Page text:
Her: I want to live here with you and Dad and Brother forever.
Me: OK.
Her: No really, forever.
Me: OK.
Her: And I'm going to be a Mommy and a writer just like you.
Me: Well, where are you and your husband and your kids going to sleep?
Her: In your bed. You and Daddy can sleep in my bed and Brother will sleep in his bed.
Me: Well, it sounds like you've got it all figured out.
Her: Yep.

Her confidence and sureness about the world astounds me and just when I get comfortable with it, she reverts to infantile behavior that rivals her one-year old brother's. For a person who is fond of consistency, let's just say that this is not my favorite phase.

One thing that is my favorite, however, is the nighttime routine that has been our constant for maybe a year or more. I rock her in the rocking chair my mother rocked me in and we sing two songs. Something I pick and then always, always "The Brady Bunch" theme, for reasons too long to explain here. Then I carry her over to her bed and we say:

Her: Someday, maybe you and me and brother can _________________, just the four of us. (Characters and destination subject to change.)
Me: That would be great.
Her: Know how you get there? You go right, then left, then circle. (Directions subject to change). Then you get there.
Me: I love you.
Her: I love you.
Me: See you in the morning.
Her: See you in the morning.
Me: Sleep tight.
Her: Don't let the bed bugs bite.

We hug, a good fierce one, my face lost in her curls and pillows and a million small stuffed animals.

We wave a small, special, secret wave.

On the long days, on the days where four feels like it's on the cusp of puberty, this moment, and every other good moment I can strain out from my day with her, are the ones I hold onto. Then an hour later, on my way down the hallway, I look in on her, lying sidewise in her bed, a mess of arms and legs and sheets and dolls. She snores softly, her face lit with the glow of the nightlight and I think: how else could this be? Who else could rattle me endlessly, whittle me down to my last iota of patience and then, with one unconcious, sleepy snore boomerang me right back to the exact place where I feel in love with her almost exactly four years ago, a tiny, perfect newborn in my arms. A small, perfect, life-changing wonder.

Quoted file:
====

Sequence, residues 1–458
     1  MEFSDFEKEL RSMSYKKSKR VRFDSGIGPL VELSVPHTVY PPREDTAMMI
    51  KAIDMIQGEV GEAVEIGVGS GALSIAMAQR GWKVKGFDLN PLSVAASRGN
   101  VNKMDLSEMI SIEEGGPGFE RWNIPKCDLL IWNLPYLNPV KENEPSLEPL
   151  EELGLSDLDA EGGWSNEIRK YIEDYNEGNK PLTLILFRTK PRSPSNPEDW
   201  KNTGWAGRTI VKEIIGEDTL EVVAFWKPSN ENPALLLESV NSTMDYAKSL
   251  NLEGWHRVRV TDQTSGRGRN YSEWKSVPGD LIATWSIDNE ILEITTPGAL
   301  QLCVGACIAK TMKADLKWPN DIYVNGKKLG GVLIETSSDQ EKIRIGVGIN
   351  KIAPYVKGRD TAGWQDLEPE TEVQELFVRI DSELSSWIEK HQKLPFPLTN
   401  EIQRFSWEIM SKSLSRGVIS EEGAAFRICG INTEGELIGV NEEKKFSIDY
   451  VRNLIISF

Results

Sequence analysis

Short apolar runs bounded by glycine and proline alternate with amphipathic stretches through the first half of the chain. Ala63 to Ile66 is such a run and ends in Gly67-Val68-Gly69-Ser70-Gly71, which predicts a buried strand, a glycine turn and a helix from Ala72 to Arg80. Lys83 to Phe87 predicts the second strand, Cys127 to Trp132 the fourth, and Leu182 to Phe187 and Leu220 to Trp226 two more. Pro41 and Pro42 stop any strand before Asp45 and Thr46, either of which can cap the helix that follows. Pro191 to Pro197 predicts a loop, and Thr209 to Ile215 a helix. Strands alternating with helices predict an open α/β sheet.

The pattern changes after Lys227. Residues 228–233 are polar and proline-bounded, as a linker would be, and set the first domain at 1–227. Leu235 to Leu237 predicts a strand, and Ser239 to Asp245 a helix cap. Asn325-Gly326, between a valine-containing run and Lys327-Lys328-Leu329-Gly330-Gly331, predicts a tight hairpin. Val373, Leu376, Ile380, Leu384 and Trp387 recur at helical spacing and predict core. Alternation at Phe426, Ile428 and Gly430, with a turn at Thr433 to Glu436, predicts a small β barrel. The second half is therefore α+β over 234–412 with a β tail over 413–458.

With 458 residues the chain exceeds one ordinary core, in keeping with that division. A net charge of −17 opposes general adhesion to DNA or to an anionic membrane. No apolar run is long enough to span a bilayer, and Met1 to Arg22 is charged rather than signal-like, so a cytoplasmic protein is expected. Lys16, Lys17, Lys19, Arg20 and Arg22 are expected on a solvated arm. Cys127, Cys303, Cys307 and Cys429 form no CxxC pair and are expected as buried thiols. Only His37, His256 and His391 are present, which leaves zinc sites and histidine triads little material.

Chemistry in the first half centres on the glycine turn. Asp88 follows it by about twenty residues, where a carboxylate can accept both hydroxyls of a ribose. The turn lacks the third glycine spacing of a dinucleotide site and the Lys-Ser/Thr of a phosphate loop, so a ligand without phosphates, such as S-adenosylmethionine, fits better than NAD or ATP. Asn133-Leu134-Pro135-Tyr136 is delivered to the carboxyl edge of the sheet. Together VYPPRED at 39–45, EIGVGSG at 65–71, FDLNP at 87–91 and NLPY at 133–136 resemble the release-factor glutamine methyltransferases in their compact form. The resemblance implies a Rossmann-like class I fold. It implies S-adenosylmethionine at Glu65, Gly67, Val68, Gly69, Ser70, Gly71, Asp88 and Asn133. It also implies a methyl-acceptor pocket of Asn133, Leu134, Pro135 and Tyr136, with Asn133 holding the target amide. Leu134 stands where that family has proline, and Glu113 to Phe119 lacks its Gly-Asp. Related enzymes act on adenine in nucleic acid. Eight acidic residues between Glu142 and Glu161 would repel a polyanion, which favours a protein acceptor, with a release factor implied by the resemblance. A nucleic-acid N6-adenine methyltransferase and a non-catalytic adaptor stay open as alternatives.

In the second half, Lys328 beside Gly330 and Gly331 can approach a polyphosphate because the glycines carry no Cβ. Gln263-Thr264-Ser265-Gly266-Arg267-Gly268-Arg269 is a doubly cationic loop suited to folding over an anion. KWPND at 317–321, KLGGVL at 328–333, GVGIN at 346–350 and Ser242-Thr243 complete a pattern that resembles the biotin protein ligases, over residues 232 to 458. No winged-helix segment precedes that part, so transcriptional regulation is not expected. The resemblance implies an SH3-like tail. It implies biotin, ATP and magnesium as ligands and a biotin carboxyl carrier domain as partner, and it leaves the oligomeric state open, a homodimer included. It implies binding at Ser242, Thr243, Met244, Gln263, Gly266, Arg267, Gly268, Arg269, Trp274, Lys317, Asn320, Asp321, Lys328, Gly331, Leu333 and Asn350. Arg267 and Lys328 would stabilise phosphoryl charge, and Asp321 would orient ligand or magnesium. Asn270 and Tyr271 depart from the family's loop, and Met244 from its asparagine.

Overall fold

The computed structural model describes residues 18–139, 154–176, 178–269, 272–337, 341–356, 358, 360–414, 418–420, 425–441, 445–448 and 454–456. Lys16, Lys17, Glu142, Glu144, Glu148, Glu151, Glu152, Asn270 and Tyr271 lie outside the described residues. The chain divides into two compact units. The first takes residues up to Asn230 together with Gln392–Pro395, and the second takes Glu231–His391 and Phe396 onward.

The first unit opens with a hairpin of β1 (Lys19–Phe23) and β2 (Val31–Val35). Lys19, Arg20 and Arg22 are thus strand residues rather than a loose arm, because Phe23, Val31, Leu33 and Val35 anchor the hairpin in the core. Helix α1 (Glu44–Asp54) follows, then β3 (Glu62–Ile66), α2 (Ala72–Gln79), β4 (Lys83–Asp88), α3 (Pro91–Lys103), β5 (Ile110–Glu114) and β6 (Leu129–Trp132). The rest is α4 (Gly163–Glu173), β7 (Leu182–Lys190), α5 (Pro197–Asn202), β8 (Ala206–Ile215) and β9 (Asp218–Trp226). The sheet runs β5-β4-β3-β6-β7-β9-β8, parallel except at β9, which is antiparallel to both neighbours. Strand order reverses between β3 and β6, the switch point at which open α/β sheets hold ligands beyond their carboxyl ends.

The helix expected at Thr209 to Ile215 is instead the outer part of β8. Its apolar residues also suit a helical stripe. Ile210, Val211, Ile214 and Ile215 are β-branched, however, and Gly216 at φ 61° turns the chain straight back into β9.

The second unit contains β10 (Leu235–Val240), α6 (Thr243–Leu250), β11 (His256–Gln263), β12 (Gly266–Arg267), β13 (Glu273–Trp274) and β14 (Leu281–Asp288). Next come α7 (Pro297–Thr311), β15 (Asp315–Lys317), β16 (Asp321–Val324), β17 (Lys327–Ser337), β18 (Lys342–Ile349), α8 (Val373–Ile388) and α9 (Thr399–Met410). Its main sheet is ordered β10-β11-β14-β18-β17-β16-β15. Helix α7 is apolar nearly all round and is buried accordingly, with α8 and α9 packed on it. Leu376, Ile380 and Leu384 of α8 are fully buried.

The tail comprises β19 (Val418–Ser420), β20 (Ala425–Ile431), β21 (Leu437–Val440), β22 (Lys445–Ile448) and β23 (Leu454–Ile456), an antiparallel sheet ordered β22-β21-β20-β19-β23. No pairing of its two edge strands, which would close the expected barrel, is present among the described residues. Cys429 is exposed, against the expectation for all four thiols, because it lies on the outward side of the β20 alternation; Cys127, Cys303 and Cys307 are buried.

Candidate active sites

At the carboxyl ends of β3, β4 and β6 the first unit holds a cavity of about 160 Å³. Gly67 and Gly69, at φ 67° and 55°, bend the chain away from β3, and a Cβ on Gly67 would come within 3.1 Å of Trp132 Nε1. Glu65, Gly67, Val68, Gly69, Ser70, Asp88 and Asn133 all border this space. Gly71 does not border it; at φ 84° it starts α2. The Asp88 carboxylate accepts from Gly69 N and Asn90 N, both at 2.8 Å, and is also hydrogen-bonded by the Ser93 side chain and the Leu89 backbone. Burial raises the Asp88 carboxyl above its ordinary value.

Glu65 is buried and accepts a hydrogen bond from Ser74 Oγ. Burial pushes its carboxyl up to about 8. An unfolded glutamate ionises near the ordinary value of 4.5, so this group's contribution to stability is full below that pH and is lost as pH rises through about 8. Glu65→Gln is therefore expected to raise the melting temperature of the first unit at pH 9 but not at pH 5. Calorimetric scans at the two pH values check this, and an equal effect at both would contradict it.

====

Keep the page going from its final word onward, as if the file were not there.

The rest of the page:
Sunday, December 2, 2007

1230 S. Cadillac

That's the address of my grandmother's house. My Bubbe. It's the house that four kids in the fifties and sixties grew up in. It's the house my grandfather bought for $24,000 and is now worth, depending on who you ask, over a million. It's the house where my Mom unknowingly said goodbye to her father for the last time, as she slammed the door behind her in a teenage snit. It's the house my Mom came home to a few years after her divorce, me in tow. It's the house where every Thanksgiving, every Passover, every Rosh Hasshanah was celebrated with much chaos and even more food, by my eclectic, loving, crazy collection of aunts and uncles and cousins. It's where my Aunt laid out in the backyard every Saturday in the 1970's, coated up with oil, basting herself continuously, not unlike a rotisserie chicken. It's the house with curving red front steps so steep, you have to keep moving outward as you go upward, just so as not to fall completely off. It's the house that hosted a dozen baby showers and wedding showers, even an actual wedding. It's the house where our whole lives revolved, where they started, where they were celebrated. And now, where one is ending.

When I was in college away from home for the first time, but not more than thirty miles or so from my Bubbe's house, I would find myself homesick. I would get in the car and the car would maneuver itself, without my consent, onto the 405 freeway South, then to the 10 East, off at Fairfax and then, before I knew it I would be sitting at Bubbe's breakfast table, a forkful of homemade potato salad (specially made for me, no onions) in one hand and a chocolate chip roll from the Jewish bakery in the other. All the while my Bubbe moving around me like a satellite, "You're too skinny, you need to eat something. Geeerrree, c'mon eat something." She was never happier than when she was sustaining her brood. And I was one of her favorite chicks, a role I relished and now realize, took for granted.